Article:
Game Development Reference
In-Depth Information
This story isn't a made-up piece of fiction from a writer's mind, but neither
is it a made-up piece of fiction created by a machine. It's a true story from
the player's life. This kind of real-life story generation can only happen
emergently. A game designer can't author a player's life for them.
aPoPHenia
APOPHENIA is the human tendency to see imaginary patterns in complex
data.
The human mind is a voracious pattern-matching machine. We see pat-
terns everywhere, even when there are none. Kids look at clouds and say
they look like a dog, a boat, a person. Stare at television static, and you
can see shapes or letters swirling around the screen. The ancient Romans
foretold the future by looking for patterns in the entrails of sacrificed ani-
mals (and always found them). Even today, astrology, numerology, and a
hundred other kinds of flimflam are all driven by apophenia.
Apophenia works with any recognizable pattern, but the mind is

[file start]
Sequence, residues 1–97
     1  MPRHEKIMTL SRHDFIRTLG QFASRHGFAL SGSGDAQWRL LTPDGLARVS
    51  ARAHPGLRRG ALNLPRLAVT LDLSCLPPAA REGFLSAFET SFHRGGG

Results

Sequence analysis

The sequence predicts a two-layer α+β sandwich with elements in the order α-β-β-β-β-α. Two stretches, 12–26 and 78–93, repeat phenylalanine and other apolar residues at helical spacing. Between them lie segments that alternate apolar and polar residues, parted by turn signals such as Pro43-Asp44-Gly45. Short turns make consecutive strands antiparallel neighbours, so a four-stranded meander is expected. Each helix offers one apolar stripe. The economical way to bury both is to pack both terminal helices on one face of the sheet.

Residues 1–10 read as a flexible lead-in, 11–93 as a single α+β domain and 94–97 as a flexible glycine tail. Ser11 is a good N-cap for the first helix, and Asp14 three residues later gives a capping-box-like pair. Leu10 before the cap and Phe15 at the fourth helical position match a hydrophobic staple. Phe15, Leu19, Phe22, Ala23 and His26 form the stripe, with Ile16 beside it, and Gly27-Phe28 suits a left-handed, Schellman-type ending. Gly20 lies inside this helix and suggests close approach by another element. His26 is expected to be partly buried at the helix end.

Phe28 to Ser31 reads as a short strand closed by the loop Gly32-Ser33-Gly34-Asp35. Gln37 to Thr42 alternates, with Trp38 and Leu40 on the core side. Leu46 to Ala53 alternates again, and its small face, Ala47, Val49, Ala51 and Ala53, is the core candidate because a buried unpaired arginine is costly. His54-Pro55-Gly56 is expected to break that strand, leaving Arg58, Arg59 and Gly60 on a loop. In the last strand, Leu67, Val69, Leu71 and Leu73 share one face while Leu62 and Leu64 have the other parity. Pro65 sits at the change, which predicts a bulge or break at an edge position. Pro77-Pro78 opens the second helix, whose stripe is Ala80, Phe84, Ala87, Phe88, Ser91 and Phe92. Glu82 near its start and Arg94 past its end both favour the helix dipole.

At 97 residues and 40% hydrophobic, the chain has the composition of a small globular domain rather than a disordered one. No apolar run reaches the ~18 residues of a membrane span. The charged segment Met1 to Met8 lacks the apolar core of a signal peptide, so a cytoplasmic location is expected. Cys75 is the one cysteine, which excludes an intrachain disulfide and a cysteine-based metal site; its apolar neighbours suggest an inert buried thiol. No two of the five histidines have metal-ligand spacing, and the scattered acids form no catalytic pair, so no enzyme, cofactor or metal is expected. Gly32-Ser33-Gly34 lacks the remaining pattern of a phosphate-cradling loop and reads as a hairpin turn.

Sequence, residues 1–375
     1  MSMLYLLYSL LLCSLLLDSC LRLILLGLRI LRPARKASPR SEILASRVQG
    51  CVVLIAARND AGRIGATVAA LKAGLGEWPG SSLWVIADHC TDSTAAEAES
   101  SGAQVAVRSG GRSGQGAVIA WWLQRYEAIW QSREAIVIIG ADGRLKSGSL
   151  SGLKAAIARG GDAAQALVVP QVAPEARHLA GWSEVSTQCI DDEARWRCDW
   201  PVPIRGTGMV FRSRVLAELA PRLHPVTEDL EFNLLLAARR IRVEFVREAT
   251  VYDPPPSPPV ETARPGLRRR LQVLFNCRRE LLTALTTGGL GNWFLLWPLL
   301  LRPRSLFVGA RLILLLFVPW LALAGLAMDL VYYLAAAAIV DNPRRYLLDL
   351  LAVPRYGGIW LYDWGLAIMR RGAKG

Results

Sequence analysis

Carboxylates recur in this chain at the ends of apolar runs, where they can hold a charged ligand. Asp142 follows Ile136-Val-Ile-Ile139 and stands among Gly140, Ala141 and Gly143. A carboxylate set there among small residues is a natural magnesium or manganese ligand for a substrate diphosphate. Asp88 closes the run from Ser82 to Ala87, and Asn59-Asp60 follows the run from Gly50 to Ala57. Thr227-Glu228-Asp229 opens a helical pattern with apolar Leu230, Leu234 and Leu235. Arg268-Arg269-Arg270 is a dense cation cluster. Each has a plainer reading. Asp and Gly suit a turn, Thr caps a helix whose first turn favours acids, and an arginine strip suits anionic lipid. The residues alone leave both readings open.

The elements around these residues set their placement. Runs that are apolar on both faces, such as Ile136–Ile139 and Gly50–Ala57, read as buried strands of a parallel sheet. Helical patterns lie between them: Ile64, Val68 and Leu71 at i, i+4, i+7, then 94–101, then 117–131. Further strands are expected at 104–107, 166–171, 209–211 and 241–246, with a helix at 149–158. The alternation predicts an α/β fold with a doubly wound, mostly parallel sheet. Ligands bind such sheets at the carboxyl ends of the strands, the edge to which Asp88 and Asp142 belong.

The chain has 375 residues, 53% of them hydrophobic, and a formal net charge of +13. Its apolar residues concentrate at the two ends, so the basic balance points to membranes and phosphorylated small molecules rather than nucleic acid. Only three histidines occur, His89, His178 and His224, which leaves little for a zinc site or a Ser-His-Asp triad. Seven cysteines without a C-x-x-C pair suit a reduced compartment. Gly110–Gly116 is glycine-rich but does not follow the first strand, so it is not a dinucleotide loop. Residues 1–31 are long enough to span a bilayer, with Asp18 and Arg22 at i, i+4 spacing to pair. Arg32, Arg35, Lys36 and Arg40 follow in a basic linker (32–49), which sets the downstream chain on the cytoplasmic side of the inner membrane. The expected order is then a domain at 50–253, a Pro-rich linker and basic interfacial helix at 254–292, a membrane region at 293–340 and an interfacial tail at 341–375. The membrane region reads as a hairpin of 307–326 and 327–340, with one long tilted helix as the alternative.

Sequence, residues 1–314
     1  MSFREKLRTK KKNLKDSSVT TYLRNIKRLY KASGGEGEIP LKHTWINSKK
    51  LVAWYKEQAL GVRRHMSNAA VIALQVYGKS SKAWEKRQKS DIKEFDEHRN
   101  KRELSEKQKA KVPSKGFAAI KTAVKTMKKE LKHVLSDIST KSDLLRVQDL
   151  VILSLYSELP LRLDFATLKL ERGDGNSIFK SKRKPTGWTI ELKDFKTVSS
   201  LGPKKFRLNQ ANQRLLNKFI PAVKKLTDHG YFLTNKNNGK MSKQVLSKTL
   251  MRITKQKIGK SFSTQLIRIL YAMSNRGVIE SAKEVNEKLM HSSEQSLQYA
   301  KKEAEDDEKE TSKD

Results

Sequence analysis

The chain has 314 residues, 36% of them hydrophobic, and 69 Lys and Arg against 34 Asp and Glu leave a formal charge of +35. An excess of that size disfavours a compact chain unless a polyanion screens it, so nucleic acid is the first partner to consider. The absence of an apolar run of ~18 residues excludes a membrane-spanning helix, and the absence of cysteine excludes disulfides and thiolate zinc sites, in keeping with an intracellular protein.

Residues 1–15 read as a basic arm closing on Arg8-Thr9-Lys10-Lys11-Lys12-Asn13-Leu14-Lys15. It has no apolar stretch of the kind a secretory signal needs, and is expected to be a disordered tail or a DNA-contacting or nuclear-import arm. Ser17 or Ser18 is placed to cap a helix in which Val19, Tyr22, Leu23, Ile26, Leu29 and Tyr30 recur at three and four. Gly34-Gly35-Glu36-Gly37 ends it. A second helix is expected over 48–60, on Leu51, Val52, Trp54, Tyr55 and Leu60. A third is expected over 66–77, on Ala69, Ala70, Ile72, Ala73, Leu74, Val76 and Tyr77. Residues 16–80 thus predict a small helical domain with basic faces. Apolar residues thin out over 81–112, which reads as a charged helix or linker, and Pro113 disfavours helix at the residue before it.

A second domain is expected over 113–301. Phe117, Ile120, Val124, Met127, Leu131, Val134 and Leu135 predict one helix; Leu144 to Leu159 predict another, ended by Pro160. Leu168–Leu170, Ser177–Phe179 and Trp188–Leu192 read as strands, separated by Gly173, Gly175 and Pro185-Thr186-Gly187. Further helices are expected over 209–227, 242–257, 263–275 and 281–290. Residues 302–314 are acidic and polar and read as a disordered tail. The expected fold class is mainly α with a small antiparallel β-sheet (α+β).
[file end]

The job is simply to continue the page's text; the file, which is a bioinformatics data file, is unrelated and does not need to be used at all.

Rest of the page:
especially hungry for certain specific kinds of patterns. One of them is
personality. The human mind works constantly to understand the intent
and feelings of others. This impulse is so powerful that it even activates on
inanimate objects. It's why we have no problem understanding a cartoon
where a faceless desk lamp is afraid of a rubber ball. And it's what makes
us say, “An oxygen atom wants to be next to one other oxygen atom, but
not two.” This doesn't literally make sense, because oxygen atoms have no
minds and cannot want anything. But we understand nonetheless because
we easily think of things as agents acting according to desire and intention.
This kind of apophenia is what makes it possible to have characters
and feelings in emergent stories. We don't have the computer technology
to truly simulate humanlike minds in a video game. But apophenia means
the computer doesn't have to simulate a realistic mind. It need only do
enough to make the player's mind interpret something in the game as
being an intelligent agent, the way we can interpret a cartoon desk lamp as
being curious or afraid. Once that's done, the player's unconscious takes
over, imbuing the thing with imaginary wants, obligations, perceptions,
and humanlike relationships. The game itself is still just moving tokens.
But in the player's mind, those moving tokens betray a deeper subtext of
intrigue and desire. The king is afraid of that pawn coming up. The knight
 
Search Nedrilad ::




Custom Search